State v. Hill, 52039

Decision Date30 June 1987
Docket NumberNo. 52039,52039
Citation735 S.W.2d 117
PartiesSTATE of Missouri, Respondent, v. David HILL, Appellant.
CourtMissouri Court of Appeals

Robert L. Swearingen, Henry B. Robertson, St. Louis, for appellant.

William L. Webster, Atty. Gen., John Munson Morris, Asst. Atty. Gen., Jefferson City, for respondent.

CRIST, Judge.

Defendant appeals from a jury conviction for robbery second degree, § 569.030, RSMo 1986, for which he was sentenced as a prior and persistent offender to fifteen years' imprisonment. We affirm.

The sufficiency of the evidence is not challenged, thus, a short recitation of the facts is all that is necessary. In the early morning hours of February 2, 1985, two on-duty police officers observed defendant and another man flag down victim's car and then get into it. The car drove up the street a short distance and stopped. The officers followed and ordered the three occupants of the vehicle to get out. Upon getting out of the vehicle, victim stated he "had been robbed." Victim's wallet, ring, pocketknife and paperclipped seventy-one dollars were found on defendant. Victim testified that defendant and the other man told him they were armed and threatened to use their guns if victim didn't cooperate.

Defendant asserts the trial court erred in overruling his objections to testimony from both police officers that at the scene victim told them he had just been robbed. The objections made to this testimony was that it was impermissible hearsay because defendant had not impeached victim as to this statement.

In his brief defendant argues that victim had not been impeached as to this statement so the hearsay was not rehabilitative, that the statements were legal conclusions, and that "the trial judge had previously granted a motion in limine to keep such statements from coming out and instructed the prosecutor to not elicit such testimony from" victim. We note the record indicates that in his "motion in limine" defendant just asked victim "be cautioned ahead of time" not to say he was robbed, and that the court asked the prosecutor to caution victim. We also note victim used some form of the word "rob" at least four times during direct examination, always without objection from defendant. This third explanation of error is without merit.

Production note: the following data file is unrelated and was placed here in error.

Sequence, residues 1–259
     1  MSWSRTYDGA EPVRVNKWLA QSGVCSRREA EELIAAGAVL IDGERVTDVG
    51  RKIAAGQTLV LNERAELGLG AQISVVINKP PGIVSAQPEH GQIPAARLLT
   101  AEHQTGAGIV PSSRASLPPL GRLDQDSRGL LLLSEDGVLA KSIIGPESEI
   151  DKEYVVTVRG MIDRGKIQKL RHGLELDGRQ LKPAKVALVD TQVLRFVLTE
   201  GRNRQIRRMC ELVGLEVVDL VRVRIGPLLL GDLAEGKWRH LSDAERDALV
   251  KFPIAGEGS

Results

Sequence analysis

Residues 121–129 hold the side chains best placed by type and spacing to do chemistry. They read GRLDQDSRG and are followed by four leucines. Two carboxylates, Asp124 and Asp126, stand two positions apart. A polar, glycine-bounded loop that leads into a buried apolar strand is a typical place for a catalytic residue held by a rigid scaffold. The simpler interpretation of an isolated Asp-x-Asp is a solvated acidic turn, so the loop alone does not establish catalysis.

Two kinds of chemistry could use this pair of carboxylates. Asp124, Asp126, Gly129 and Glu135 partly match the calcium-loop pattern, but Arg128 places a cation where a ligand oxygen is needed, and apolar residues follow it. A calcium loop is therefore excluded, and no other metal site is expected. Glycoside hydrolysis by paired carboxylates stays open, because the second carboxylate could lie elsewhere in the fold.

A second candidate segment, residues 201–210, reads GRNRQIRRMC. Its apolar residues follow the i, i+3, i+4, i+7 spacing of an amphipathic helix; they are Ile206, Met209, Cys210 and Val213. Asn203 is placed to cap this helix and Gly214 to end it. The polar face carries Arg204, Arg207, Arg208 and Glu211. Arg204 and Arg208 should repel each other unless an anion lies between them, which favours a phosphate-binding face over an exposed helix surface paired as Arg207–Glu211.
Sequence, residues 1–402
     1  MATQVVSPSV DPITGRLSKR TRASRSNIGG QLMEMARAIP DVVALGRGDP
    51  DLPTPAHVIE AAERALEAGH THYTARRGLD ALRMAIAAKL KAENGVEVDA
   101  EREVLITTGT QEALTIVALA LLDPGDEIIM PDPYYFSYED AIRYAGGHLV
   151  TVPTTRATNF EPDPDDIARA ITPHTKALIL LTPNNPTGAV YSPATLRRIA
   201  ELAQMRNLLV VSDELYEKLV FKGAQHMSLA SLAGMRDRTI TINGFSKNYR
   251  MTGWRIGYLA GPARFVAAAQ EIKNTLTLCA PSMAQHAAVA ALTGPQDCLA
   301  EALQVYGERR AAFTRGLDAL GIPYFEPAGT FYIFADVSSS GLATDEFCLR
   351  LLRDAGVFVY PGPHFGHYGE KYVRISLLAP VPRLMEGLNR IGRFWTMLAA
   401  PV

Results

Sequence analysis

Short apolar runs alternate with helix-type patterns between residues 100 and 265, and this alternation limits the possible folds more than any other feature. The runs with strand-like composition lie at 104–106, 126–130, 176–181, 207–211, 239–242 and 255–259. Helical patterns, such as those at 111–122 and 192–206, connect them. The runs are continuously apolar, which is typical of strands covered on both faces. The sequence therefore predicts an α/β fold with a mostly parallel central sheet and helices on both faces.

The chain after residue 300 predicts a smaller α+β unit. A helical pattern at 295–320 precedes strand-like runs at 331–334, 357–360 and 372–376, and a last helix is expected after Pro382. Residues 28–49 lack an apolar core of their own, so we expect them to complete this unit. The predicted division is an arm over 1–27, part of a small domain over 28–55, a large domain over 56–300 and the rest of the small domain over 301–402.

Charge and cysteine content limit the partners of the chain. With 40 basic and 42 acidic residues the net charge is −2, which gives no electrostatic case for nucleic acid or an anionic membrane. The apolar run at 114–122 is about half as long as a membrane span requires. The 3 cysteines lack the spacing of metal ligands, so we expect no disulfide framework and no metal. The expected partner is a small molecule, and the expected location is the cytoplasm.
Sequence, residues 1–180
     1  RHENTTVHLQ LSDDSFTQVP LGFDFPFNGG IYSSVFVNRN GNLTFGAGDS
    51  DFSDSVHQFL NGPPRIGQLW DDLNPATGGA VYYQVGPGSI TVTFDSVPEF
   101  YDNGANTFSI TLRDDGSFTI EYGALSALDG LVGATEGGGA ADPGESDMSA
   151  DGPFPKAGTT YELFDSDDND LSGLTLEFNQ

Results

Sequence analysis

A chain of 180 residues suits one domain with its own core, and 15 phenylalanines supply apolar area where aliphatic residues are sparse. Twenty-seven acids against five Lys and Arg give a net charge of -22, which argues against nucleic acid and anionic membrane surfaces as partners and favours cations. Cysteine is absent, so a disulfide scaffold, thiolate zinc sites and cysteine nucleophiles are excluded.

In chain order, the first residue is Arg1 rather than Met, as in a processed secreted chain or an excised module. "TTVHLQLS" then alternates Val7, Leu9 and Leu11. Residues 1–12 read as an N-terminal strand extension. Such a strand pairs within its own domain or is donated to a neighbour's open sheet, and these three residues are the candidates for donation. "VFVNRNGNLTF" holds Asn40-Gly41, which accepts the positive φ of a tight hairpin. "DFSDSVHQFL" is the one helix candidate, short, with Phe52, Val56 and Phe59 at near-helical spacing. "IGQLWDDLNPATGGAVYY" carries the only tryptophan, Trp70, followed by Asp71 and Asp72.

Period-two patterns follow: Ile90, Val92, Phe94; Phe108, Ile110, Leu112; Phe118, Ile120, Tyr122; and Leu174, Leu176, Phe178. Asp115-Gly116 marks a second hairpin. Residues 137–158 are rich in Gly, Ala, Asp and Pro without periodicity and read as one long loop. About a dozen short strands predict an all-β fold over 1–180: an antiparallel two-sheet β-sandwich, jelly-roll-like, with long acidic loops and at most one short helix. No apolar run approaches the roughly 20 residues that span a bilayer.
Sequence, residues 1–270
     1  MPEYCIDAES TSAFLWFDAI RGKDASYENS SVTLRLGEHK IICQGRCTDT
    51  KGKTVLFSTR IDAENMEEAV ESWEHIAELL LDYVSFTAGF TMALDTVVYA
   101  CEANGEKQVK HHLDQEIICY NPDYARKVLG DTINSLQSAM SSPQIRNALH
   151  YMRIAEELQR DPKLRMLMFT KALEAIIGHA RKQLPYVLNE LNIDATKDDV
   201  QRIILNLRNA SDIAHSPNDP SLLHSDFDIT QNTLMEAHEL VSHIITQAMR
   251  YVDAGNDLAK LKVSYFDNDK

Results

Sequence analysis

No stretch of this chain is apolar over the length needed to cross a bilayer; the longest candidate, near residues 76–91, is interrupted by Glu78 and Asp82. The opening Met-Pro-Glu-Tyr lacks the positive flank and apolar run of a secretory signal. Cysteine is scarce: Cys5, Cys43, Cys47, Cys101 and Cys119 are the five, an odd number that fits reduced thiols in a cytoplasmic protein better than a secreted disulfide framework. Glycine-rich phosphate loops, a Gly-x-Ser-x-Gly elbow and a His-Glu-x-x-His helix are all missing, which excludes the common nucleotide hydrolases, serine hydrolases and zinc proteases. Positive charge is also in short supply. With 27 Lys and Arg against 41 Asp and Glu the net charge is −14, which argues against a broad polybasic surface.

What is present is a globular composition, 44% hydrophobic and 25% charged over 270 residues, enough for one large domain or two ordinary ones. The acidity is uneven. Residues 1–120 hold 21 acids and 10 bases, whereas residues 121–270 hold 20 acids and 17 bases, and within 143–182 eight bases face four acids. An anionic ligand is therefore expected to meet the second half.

Defendant correctly states the general rule that it is impermissible hearsay for the officer to testify to victim's extrajudicial statement. In making this statement defendant primarily relies on State v. Tyler, 676 S.W.2d 922 (Mo.App.1984), and State v. Maxwell, 502 S.W.2d 382 (Mo.App.1973). Both these cases also illustrate exceptions to that general rule. In Tyler we found there would have been...

To continue reading

Request your trial
1 cases
  • State v. Brigman, WD
    • United States
    • Missouri Court of Appeals
    • 12 December 1989
    ...mitigate the general rule. Such testimony has been found to be admissible to show the course of an investigation, State v. Hill, 735 S.W.2d 117, 118 (Mo.App.1987); a victim's statement that she has been raped is admissible as an excited utterance, State v. Wilson, 719 S.W.2d 28, 33 (Mo.App.......

VLEX uses login cookies to provide you with a better browsing experience. If you click on 'Accept' or continue browsing this site we consider that you accept our cookie policy. ACCEPT